The Wallenberg Year though is a national cause and national remembrance. That is why the official opening ceremony took place in the Hungarian National Museum on 17th of January, the day when Raoul Wallenberg disappeared. The event was hosted by H.E. Mr. János Martonyi, Foreign Minister of Hungary and H.E. Mr. Carl Bildt, Foreign Minister of Sweden. Yoseph Peled Israeli Minister at the Prime Minister’s office was a guest of honour to the event.
On the occasion, the “To me there’s no other choice – Raoul Wallenberg 1912 – 2012” Swedish exhibition was also opened.

On the occasion of the centennial, it is important for Hungary to remember Raoul Wallenberg respectably. The commemorations in Hungary may contribute to

•    paying tribute to the greatness Raoul Wallenberg demonstrated by his actions;
•    moving closer to clarifying Wallenberg’s fate;
•    commemorating the horrors of the Holocaust;
•    exposing the crimes of National Socialism and Communism;
•    commemorating the rescuers, finding out about their role more in detail;
•    conveying, on the basis of lessons of the past, values for the future to our citizens and especially the younger generations; supporting the idea of tolerance and peaceful coexistence;
•    discussing current human rights and minority issues;
•    further strengthening of European integration and transatlantic relations based on common values.

Raoul Wallenberg is a symbolic figure of rescuers in Hungary and in Europe in his time. A “Man amidst inhumanity” fighting the horrors of the Holocaust. Hungary values highly and treasures the memory of the martyr Swedish diplomat.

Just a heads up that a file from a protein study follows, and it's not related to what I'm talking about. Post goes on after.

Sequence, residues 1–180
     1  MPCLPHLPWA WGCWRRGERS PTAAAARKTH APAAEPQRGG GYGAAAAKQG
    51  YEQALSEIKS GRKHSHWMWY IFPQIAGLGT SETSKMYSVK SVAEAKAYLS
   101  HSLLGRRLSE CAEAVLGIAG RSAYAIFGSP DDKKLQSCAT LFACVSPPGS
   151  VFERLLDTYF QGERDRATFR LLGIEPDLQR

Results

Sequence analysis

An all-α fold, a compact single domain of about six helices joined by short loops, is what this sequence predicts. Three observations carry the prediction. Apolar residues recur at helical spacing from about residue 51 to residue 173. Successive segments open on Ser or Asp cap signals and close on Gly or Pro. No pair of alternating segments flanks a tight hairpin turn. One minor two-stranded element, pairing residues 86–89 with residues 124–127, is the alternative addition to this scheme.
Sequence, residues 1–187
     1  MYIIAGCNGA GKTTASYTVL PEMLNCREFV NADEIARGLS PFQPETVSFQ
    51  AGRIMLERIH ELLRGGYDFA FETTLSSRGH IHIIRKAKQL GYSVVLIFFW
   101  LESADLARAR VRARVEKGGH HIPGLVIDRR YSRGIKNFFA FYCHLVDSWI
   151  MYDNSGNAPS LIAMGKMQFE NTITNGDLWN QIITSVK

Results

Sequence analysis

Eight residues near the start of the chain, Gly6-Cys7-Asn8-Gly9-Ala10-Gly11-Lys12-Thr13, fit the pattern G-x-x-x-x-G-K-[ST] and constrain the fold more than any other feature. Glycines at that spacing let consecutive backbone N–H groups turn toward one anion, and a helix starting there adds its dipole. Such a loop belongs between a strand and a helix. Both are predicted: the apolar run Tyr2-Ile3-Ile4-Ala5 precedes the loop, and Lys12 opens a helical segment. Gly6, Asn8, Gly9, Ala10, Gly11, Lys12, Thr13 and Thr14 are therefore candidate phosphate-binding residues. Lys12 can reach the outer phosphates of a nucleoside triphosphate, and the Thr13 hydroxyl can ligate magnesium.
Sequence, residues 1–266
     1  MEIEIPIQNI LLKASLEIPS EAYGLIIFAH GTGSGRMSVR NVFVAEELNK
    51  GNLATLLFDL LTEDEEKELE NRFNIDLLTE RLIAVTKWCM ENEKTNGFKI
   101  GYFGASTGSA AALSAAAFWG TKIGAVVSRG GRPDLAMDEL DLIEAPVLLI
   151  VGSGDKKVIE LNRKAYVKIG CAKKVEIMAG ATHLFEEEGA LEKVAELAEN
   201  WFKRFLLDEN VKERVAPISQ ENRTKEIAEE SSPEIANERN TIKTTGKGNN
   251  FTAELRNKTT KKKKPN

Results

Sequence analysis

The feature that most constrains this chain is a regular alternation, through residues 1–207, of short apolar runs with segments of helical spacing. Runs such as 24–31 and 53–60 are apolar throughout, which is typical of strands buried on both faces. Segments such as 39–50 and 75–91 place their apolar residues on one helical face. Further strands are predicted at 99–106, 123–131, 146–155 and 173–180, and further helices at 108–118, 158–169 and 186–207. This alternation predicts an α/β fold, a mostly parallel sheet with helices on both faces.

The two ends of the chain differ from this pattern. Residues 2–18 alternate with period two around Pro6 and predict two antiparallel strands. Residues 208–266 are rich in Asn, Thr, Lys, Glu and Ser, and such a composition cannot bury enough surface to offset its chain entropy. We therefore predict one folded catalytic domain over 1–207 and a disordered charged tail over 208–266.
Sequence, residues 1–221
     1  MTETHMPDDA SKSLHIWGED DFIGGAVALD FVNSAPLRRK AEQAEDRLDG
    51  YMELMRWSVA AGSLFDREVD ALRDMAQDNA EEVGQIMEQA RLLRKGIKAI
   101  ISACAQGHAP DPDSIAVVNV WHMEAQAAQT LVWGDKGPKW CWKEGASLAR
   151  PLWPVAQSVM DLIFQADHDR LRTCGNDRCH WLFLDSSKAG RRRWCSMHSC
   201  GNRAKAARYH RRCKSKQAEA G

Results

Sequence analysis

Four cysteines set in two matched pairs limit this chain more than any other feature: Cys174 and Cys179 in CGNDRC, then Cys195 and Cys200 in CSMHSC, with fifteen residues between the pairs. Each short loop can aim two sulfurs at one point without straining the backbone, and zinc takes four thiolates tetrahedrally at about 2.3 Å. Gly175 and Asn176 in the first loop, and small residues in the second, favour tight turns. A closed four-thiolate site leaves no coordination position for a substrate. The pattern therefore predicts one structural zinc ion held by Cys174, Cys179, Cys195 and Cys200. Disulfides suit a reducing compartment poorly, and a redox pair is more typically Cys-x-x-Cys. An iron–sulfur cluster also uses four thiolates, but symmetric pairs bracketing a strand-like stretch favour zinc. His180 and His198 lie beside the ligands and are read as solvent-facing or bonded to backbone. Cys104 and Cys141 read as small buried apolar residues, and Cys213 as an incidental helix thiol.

He is an icon who saved lives, an example to follow for many people all around the world. He turned against the patterns of his time did not bow to the conventions, rules and spirit that was dictated by the majority. And that is one of the main morals of the Holocaust, that there are peoples who turn against the tide in order to save lives. Beside Raoul Wallenberg there were others Carl Lutz and Giorgio Perlasca.

Wallenberg was well ahead of his time, has done something that was recognized only generations later. It is important that he himself was not a Jew, he acted on purely moral grounds, against rules and conventions. Talmud says: “Whoever saves one life, saves the world entire.”

It is of utmost importance that we give forth the example of Raoul Wallenberg to the younger generations and learn from his greatness.